‘May Day’ (1935) by L.S. Lowry. #art #dailylowry

‘May Day’ (1935) by L.S. Lowry. #art #dailylowry

‘Lady crossing a bridge’ (1961) by L.S. Lowry. #art #dailylowry

'Lady crossing a bridge' (1961) by L.S. Lowry. #art #dailylowry

‘Home from the pub’ (1944) by L.S. Lowry. #art #dailylowry

'Home from the pub' (1944) by L.S. Lowry. #art #dailylowry

My first attempt at goat curry was pretty damn good if I say so myself.

A self-made prison in the making

Blood is thicker than water. And ego is thicker than blood. When a decision becomes part of who you are because you’ve emotionally invested in it, that’s a self-made prison in the making. It’s already becoming too hard to respond to new information by raising a hand, shrugging a shoulder and saying to yourself, “hmm, I didn’t do that very well, did I?”, or “what was I even thinking?”, or “you daft idiot, will you ever learn?”, or “I’m sorry, I was wrong”. And if in saying that while resisting any kind of justification, there’s not at least a glimmer of discomfort, it’s become trite and insincere. Lying to yourself or blaming others is much easier.

“The object of life is not to be on the side of the majority, but to escape finding oneself in the ranks of the insane.” Marcus Aurelius (121-180 AD)

'Secure everything just in case' is unsustainable.

Companies must respond urgently, but also seek to reduce risk smartly, in a world of limited resources. And quite rightly the question of “what is to be done?” is being asked by the executive and Board.

The biggest problem is not spending more money and deploying more controls but rather deciding how to spend the limited time and resources.

The true task of the cybersecurity leader is to pick what to do based on an informed sense of which tasks lead to a better future. There will always be too much to do. There will always be a top-down demand for perfection.

The alternative is to try and ‘secure everything just in case.’ The result is rampant spending on additional controls and oversight that then demands even more resourcing and with no clear end in sight.

This unsustainable growth of cybersecurity creates a paralysing implementation gridlock. the few teams, often technical and already highly utilised are further put upon with implementing the new controls and become overloaded with too many competing demands. This is simply unsustainable.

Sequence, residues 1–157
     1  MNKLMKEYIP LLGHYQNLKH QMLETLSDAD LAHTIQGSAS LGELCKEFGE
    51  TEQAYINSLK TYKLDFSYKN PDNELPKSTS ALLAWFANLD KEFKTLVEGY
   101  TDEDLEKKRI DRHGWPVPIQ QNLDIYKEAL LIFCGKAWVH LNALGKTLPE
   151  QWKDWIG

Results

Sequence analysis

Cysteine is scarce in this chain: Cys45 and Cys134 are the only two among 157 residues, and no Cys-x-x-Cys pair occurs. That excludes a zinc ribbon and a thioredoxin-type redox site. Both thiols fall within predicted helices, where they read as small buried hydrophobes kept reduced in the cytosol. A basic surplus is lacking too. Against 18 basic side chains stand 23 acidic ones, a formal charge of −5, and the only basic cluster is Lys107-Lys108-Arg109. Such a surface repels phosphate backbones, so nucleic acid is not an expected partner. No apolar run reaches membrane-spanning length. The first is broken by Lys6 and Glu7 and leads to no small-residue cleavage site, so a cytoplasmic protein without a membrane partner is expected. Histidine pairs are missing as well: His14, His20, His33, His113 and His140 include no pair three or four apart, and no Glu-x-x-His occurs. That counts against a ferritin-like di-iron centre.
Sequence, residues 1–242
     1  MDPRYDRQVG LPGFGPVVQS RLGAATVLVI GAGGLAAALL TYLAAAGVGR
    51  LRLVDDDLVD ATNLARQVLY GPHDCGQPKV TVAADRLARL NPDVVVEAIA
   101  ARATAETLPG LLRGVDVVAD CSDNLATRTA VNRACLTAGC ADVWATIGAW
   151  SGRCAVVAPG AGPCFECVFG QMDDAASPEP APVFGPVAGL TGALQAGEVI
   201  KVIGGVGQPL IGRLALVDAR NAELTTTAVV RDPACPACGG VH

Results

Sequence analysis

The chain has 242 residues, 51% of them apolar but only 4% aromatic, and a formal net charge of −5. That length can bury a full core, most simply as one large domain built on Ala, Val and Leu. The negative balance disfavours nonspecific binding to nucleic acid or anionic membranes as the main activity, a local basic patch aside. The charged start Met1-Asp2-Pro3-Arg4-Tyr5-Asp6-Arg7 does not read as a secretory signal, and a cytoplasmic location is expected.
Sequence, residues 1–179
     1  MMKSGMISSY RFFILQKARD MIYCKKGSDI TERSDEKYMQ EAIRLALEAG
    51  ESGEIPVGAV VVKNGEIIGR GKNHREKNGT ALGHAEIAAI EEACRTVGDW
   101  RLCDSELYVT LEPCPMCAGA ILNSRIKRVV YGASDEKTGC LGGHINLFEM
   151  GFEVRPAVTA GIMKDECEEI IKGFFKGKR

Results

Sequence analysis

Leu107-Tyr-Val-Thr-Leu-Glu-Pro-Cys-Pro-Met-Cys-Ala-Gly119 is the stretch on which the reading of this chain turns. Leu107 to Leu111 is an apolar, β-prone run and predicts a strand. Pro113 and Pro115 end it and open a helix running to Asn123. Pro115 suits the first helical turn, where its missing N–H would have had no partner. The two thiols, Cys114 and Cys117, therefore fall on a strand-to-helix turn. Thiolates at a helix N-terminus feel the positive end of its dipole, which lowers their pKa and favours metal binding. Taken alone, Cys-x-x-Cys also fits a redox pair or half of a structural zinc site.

Civility

I’ve been recently thinking a lot about civility. Basic politeness and exercising good manners is essential. But I think civility, real civility, goes deeper. It means to choose our words carefully and thoughtfully in non-hurtful ways. It means to be respectful of how another person sees the world even when we heartily disagree and to maintain a sense of humility because we can often be wrong.

This should be posted every year on this day. #tankman #tiananmensquare #china #tiananmen1989

"Tank Man" blocks a column of Type 59 tanks heading east on Beijing's Chang'an Boulevard (Avenue of Eternal Peace) near Tiananmen Square during the Tiananmen Square protests of 1989.

To horribly paraphrase Albert Einstein: “How you solve a problem is about how you frame it”.

“Security” wobbles drunkenly

Quite possibly the best ‘security’ rant I’ve seen:

“Of the innumerable things I detest about information technology, first prize goes to the word “security.” Not the concepts behind it, the actual word. The definition of “security” wobbles drunkenly all about the dictionary depending on who’s speaking, who’s listening, the context, and the distance to the nearest brute squad. It’s a transcendental state where everyone is perfectly safe from everyone, but it’s not inconvenient or intimidating or incomprehensible in the slightest. Security is Happy Fun Land, where everybody eats hot fudge sundaes all day every day without developing diabetes or gaining so much as a gram. The only way to make this word even slightly meaningful is to tightly define the context.”

Michael Lucas I salute you 🖖

Cool morning.

The Day of the Triffids.

When you’re moving fast and there’s a lot at stake how well a system works is only half the story. The other half is how badly it fails.

“Trust arrives on a tortoise and leaves on a horse.” (Dutch Proverb)

Pink & purple.

‘Head of a man’ (1938) by L.S. Lowry. #art #dailylowry

'Head of a man' (1938) by L.S. Lowry.

Risk is a necessary consequence of dependency.

Or if you’re part of contemporary society then opting out is hardly an option.

It seems impossible to live our contemporary lives without having a dependence on the Internet. All aspects of how we now live have a digital element either directly or indirectly. What I mean is that services we rely upon rely upon the Internet, a kind of virtual network of reliance and dependence. Our daily lives, whether you like it or not, are dependent on the smooth operation of electricity, networks, computers, good clocks and industrial cyber-physical controls. Very few of us can truly opt ourselves out of those things, our dependence, especially our expectation of stable, reliable operation, brings us risk.

#cybersecurity #risk #reliance #dependence

I love the smell of ‘epistemic clusterfucks’ in the morning.

garymarcus.substack.com/p/an-epis…

‘A Doctor’s waiting room’ (1920) by L.S. Lowry. #art #dailylowry

'A Doctor's waiting room' (1920) by L.S. Lowry. #art #dailylowry

#coffee time

Going nowhere. #cycling

Fresh chillies.

Arid garden, Royal Botanical Gardens, Melbourne, Australia.

Country road, Rutherglen, Victoria, Australia.